by M. Shannon Hernandez
I am a VERY organized person. I have a notebook and calendar in which I record everything for my business (on paper, with a pen), and then promptly transfer the information over to the computer and place on my blog, in my newsletter, into my digital filing system, or on the calendar. All my spices are neatly labeled, on the top of the jar, so that I can find what I need quickly when I open the drawer and peer down. I have 16 upcycled spaghetti sauce jars, all lined up in a row, which have been labeled with a professional label maker and hold my dried beans, rice varieties, lentils and grains. I only buy purses and backpacks with a minimum of 3 pockets and pouches for easy identification of all the "stuff" that must go into the bag. I have over 2,000 books, and they are categorized by genre on the shelves of my office and living room. And my closet? All pants hang in one section, by color, all skirts in another, by color, and all my blouses...you get the point!
But, something has happened in my photo life! Mounds of photos sit in bags separated by theme or trip or event. (I must give myself a little credit.) Unfinished scrapbooks, complete with notes of what will go where, have been on my shelf for YEARS. A single ziplock bag holds all of my photos and momentos from a magnificent trip I took to Ireland in 2005. My wedding album of two years ago is collecting dust, and so are the photos sitting next to it! Photo storage boxes, albeit with tagged organizers, are stacked -- cluttered with pictures begging me to document my life.
And these are just the printed photos.
I am overwhelmed. I need help. And until a month ago, I had no idea where to begin.
I met Michelle Nahom, Marketing Manager for the Association of Personal Photo Organizers, via Twitter. I was astounded! Wow -- there were really people that would help you organize your photos? I began following her blog, and then I had the opportunity to meet her at a photo organizing seminar she held in conjunction with Arista Camera in Bronxville, NY. At the seminar, I listened, in awe to the number of people who were completely at a loss in their photo organizing, just like me. Stories were shared of massive amounts of family memories and history being lost because the computer crashed or the hard drive was lost, or the online photo sharing site went out of business or accidentally deleted their files. I learned I was a photo hoarder--and my husband too! We fit the definition "to a T"--2,127 of our photos are either of sunsets or flowers. I mean really--who needs 2,127 photos of anything, let alone sunsets or flowers?!
I left that seminar feeling empowered to change my disorganized digital photo life. I have laid out my own personal plan for "dealing" with all of these pictures. One night a week, I am purging photos--getting rid of the duplicates, blurry photos, or photos that don't even have a story. It's a start. The next phase will include creating categories and event titles, thus organizing them by theme. After all of this, I plan on consulting with Michelle again and figuring out how I want to display certain photos throughout my home.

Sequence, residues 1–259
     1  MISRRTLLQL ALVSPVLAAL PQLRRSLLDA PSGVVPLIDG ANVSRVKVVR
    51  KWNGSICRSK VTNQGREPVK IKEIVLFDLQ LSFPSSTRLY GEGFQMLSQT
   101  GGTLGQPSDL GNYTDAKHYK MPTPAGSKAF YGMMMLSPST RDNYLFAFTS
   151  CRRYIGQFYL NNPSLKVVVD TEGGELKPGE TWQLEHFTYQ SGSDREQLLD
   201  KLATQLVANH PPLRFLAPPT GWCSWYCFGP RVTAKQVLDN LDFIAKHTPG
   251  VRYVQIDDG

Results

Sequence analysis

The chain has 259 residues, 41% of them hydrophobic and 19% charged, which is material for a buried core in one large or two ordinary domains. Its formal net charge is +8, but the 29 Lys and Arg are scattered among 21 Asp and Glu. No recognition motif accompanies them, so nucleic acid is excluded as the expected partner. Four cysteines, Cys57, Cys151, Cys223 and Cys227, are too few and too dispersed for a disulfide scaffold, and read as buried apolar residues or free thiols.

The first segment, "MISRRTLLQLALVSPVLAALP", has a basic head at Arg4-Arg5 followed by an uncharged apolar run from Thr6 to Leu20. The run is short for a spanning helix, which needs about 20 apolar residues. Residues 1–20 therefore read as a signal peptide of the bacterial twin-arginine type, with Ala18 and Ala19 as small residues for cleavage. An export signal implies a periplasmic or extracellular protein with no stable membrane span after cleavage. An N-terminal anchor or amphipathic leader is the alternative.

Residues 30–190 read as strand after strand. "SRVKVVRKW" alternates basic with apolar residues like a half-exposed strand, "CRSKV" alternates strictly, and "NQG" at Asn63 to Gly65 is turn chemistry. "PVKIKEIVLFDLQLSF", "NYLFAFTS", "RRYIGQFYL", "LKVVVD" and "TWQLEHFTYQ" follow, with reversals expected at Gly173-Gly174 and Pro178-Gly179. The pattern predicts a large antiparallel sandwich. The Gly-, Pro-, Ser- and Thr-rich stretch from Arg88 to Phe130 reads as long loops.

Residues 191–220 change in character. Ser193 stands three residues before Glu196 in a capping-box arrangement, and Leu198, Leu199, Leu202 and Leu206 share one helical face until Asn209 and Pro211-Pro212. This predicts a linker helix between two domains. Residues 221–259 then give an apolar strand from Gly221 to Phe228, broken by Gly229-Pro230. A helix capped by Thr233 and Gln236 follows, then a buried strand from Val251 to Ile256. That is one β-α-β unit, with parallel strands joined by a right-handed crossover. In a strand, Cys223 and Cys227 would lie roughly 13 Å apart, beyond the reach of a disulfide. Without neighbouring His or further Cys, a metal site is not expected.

The biggest revelation I had at the seminar (besides how much help I needed!) was that I was not enjoying my photos, which are living memories of my past. Not only was I not enjoying them, but I was not able to share them with other people, because I had "hidden" them away in digital files I couldn't track, name, or find.
If you have "found yourself" in any part of this story, I encourage you to start small, just like I did. Follow Michelle's blog and Pinterest boards for practical tips and visual solutions to getting organized. Begin going through your photos one night a week. (To be honest, this "task" has turned into a "jog down memory lane" and I look so forward to it, because I am reliving my memories as I "work.") Attend a photo organizing seminar in your community. You can find Michelle's events on her Event tab on her blog. The key is to take small steps in your personal quest of photo organization, so you can get them off your computer and shelves, and begin enjoying the visual memories of your past!
M. Shannon Hernandez, owner and designer of Sage & Time Designs, is a stationary designer in Brooklyn, New York. She works closely with clients around the world to design handcrafted and custom stationary for their personal and social lives. As a result of attending Michelle's seminar, she is now using a photo sharing software for her clients called Linea. Linea also offers cloud based storage and syncs across all devices including PC and Mac, iPad, iPhone and Android, so your photos are accessible to you anywhere, anytime. Linea has been a tremendous resource for organizing event design concepts, drafts of stationary designs, and inspiration boards in one, private location. Both Shannon and her clients comment with feedback, on the photos in Linea, thus keeping all the design details of upcoming events in one place, which provides perfect tracking, excellent written and visual communication, and superior customer service. You can learn more about Shannon on her blog, on Facebook at Sage & Time Designs, and Twitter @SageTimeDesigns.